I was recently asked to give a talk to a breakfast meeting of the Managing Partners’ Forum (MPF). The focus of the talk was around the possible dichotomy (or misalignment) of the development needs of the individual and the demands of the organisation they work for. At times these needs align, sometimes they need to be reconciled and at other times they diverge. Nothing radical in that statement, but does the organisation believe there is an asset value in the personal networks that the employee develops, maintains, cultivates and nurtures whilst on the payroll, and if so, does it exploit it at the expense or detriment to the employee? These networks are increasingly likely to traverse the boundaries of the organisations’ directly employed staff, and embrace customers, stakeholders, partners and even competitors. This is what the much-hyped term “Social Business” is really all about.
These “personal” networks (I’ve used quotes because this is at the heart of the issue – is the network really personal or is it a corporate asset?) are sometimes – but incorrectly – assumed to be visible entities, measured in terms of number of Twitter followers, or Facebook friends, or Klout or Peerindex scores, all of which are pretty much irrelevant if trying to quantify the value of “trust”. In actual fact, these networks are often invisible to company leadership, and are blend of personal, real-world relationships and the virtual world of social networks. They are not recorded on any company handbook, they don’t appear on organisational charts, but are very likely to be embedded in the organisation’s business processes. It might not be until the employee leaves the organisation that the real value of these networks is realised. When the ties are broken, chaos can ensue.
The other side of this coin is where perhaps the organisation does recognise the value of these informal networks and relationships, internal and external, and sets about exploiting them. I think this point is effectively communicated in the quotes I’ve borrowed (with permission) from Helen Blunden:
I felt that my network, my trusted network which I worked hard to maintain, cultivate, nurture, trust and grow was going to be exploited by other individuals who saw me as their ‘free ride’ to some quick answers.
I look at the culture of the organisation. If there is a genuine, authentic opportunity to share and learn and be respectful of each other’s networks then I have no problem. If it is mandated, or if my networks are used, misused or discounted, then I’d question why I’m even working there.
For the time being, I will nurture and maintain my networks but I will be cautious in how mine are used within my organisation and for what purpose. But I’m the one who decides that.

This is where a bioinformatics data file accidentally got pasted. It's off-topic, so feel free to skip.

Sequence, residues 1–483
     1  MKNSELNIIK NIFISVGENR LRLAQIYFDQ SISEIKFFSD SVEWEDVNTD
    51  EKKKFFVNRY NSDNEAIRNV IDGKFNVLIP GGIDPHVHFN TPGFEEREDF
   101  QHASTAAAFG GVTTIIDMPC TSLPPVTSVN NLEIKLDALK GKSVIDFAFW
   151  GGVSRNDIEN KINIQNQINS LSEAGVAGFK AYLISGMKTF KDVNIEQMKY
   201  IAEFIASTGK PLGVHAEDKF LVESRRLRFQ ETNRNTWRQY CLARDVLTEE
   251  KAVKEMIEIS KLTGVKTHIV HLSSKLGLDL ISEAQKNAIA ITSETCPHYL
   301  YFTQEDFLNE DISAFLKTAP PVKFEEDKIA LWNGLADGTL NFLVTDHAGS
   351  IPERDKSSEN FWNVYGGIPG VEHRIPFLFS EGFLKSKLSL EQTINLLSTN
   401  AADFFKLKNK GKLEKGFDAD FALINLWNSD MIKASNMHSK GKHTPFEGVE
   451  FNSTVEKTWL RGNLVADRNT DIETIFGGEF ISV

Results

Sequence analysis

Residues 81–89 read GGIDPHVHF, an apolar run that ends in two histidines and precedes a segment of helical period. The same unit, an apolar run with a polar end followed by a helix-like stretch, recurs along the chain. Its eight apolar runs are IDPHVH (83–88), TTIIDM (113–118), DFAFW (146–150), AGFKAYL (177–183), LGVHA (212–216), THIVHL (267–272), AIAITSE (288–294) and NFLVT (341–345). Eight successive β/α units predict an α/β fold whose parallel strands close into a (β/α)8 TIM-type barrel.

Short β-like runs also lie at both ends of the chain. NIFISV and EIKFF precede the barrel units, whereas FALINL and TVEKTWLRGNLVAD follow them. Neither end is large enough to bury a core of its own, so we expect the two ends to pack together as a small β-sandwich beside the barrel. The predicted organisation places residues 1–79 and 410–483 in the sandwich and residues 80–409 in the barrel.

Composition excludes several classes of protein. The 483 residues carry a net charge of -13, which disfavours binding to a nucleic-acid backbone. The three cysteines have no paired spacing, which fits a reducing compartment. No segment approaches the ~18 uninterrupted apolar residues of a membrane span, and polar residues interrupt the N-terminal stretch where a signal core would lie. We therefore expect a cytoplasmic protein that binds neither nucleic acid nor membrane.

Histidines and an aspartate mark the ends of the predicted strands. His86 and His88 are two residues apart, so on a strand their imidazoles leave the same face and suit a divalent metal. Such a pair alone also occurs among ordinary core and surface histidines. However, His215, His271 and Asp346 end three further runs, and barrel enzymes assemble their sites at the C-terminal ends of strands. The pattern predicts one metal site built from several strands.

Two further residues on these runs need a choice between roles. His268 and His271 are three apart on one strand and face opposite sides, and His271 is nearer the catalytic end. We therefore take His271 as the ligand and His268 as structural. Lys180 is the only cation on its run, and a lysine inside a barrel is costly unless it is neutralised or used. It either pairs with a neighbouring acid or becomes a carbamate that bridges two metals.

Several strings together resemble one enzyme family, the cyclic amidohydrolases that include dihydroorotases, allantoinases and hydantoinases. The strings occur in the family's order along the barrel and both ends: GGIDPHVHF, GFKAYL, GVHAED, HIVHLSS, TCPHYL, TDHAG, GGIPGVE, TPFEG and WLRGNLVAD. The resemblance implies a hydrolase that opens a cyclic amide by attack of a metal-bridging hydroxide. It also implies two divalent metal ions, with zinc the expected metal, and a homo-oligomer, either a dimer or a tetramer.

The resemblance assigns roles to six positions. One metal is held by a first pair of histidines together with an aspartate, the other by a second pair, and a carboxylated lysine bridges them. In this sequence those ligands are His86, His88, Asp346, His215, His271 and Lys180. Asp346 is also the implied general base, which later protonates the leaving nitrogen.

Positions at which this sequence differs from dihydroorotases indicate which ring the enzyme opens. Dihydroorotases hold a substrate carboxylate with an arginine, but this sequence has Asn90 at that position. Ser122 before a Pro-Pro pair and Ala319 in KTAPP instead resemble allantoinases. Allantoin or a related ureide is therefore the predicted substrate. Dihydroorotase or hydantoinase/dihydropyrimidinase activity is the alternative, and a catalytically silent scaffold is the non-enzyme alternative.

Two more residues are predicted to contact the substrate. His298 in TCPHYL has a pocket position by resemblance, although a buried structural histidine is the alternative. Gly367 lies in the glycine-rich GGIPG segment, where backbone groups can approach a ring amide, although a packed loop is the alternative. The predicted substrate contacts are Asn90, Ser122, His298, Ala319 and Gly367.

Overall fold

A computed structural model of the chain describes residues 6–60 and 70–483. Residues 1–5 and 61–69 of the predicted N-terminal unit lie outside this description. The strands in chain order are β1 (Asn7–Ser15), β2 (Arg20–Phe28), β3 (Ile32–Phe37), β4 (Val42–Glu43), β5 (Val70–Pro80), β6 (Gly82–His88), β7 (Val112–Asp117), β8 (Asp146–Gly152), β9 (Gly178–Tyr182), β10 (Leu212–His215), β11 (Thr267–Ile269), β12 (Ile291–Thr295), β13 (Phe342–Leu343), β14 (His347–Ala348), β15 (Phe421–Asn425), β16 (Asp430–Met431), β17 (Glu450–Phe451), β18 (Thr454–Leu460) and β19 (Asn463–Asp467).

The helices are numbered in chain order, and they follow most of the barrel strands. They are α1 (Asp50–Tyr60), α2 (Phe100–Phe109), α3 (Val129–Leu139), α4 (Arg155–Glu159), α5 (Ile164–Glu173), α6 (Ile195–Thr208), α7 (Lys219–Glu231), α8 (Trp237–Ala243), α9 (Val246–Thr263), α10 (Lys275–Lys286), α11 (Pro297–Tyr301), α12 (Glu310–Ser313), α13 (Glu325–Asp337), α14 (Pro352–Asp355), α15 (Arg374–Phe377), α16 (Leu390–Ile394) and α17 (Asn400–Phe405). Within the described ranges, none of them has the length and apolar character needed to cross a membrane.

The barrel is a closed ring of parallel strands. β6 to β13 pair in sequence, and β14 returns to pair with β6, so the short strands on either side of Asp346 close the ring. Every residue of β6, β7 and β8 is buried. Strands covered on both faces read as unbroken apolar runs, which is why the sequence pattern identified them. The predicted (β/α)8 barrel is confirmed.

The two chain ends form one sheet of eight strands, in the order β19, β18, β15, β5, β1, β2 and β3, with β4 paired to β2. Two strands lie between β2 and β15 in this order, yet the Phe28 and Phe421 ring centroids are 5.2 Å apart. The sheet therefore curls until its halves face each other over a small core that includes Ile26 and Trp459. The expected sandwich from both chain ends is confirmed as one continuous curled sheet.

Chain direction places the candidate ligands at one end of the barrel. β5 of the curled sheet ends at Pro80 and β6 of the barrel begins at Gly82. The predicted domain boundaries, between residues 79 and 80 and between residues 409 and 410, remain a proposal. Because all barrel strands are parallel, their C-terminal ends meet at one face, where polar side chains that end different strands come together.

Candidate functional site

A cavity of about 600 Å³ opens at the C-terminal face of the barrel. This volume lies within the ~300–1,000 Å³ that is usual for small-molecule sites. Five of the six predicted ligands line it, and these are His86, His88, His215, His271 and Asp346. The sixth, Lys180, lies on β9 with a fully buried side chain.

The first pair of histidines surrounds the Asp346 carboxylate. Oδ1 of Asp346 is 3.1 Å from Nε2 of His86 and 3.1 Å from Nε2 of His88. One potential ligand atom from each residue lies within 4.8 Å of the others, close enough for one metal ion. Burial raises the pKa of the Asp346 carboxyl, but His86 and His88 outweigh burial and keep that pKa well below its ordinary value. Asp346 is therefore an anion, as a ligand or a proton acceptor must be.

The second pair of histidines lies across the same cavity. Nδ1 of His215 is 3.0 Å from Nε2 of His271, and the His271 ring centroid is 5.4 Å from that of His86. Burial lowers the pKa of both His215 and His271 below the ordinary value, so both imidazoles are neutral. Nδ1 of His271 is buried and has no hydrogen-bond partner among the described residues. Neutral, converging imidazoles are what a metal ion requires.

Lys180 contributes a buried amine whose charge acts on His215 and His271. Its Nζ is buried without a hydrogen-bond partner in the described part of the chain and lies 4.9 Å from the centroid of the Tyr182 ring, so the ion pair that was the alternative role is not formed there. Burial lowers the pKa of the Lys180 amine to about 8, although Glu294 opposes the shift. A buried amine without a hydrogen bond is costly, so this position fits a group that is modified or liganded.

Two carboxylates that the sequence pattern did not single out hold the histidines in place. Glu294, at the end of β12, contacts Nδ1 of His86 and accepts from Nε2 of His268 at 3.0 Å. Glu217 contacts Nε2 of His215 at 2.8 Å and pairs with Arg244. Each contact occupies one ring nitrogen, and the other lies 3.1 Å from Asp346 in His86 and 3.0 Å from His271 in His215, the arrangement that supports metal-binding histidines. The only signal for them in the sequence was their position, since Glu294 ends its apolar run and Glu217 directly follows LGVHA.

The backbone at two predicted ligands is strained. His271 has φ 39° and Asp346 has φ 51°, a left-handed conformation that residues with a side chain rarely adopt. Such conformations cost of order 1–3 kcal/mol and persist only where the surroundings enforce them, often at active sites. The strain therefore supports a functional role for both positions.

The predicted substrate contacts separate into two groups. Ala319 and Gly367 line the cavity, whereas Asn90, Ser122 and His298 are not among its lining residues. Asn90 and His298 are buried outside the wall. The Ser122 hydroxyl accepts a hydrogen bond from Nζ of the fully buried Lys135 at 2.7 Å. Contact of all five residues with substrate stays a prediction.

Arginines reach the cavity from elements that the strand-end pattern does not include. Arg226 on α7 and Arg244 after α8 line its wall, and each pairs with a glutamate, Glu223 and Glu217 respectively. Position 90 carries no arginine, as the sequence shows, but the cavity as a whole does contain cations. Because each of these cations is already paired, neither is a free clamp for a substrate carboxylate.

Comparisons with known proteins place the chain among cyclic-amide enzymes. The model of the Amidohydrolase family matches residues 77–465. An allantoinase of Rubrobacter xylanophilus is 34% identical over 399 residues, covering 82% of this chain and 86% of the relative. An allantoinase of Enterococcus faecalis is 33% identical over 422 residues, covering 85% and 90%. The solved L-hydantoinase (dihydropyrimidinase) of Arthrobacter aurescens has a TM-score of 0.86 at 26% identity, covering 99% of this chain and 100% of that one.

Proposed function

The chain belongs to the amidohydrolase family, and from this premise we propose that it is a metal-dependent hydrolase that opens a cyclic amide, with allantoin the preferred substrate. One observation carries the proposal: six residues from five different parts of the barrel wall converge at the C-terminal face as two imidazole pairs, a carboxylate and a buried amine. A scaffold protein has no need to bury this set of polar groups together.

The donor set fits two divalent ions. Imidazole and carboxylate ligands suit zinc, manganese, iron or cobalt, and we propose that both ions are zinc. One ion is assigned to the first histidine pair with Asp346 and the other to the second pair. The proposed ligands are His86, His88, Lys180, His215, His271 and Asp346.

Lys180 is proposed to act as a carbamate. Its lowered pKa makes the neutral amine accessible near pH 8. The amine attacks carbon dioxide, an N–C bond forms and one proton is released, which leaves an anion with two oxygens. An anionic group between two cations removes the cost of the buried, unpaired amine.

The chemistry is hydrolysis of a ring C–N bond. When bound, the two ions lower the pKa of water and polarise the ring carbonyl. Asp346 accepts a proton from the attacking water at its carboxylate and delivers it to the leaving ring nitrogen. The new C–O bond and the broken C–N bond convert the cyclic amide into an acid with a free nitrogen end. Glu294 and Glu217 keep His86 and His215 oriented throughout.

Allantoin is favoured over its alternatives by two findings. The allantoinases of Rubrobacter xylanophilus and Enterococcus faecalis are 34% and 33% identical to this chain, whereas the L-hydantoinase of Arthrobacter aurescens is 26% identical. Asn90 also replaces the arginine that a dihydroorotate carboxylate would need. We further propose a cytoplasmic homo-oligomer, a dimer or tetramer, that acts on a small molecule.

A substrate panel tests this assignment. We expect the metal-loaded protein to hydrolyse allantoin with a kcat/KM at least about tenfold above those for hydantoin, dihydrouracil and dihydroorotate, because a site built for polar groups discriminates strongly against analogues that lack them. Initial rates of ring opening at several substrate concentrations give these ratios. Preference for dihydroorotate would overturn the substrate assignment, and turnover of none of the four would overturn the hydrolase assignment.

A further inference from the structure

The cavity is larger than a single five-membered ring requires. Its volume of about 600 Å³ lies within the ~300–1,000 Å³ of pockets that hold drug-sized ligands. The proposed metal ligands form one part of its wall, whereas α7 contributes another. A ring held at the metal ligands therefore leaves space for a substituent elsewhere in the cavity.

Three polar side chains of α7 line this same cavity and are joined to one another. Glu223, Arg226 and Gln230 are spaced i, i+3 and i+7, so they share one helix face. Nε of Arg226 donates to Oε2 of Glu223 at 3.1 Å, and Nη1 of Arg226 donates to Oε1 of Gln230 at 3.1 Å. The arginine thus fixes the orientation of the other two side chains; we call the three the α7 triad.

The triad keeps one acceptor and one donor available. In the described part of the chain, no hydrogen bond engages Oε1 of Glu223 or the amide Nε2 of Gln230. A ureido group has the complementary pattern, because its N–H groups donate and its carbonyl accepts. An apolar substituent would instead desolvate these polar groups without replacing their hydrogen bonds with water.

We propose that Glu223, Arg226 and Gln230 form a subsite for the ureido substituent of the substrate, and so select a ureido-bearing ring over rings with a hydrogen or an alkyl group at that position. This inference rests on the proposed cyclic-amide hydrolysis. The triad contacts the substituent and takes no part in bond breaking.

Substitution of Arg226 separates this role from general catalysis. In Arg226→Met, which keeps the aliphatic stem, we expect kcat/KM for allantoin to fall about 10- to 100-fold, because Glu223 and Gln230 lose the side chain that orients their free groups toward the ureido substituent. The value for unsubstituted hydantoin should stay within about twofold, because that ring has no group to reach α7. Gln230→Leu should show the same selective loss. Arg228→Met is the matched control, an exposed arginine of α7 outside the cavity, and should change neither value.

So, no matter how we look at this, the growing importance of networks and networking as both a professional competency and as an organisational asset cannot be overlooked, and leaders need to start taking relationship building into account when considering the value an employee brings to the organisation, and therefore how he/she is rewarded. Time and investment in PKM to develop these skills and competencies is a critical part of this reward mechanism.
The slides I used are embedded below, and also available on Slideshare. The presentation looks specifically at the changing nature of organisations and the emergent power of networks and networking. Personal Knowledge Management (PKM), and particularly the networking element, as a set of competencies we must all learn in order to remain relevant to our organisation. I raise the point about who ultimately “owns” the ‘corporate’ knowledge that we gather through the networks we nurture and sustain but have left it to the audience to ponder this point. Whether or not the organisations we work for recognise the importance of these networks as places for continual learning, knowledge sharing and as incubators for innovation is – I believe – fundamental to the success of the business, but employees need to be aware of the possibility of exploitation, and be ready to answer that question of “who owns your network?”.
As a closing point I posed this question to the audience, which readers here may want to think about. I suspect there may be different answers dependent on where you sit within the organisational structure, which in itself might tell you something about the organisations you work for. Looking down may give a very different perspective to looking up!
What is the predominant culture in your organisation, and does it encourage learning and sharing?
- Autocratic – We’ll do it this way
- Bureaucratic – We’re supposed to do it this way
- Technocratic – It’s best to do it this way
- Democratic – How shall we do it?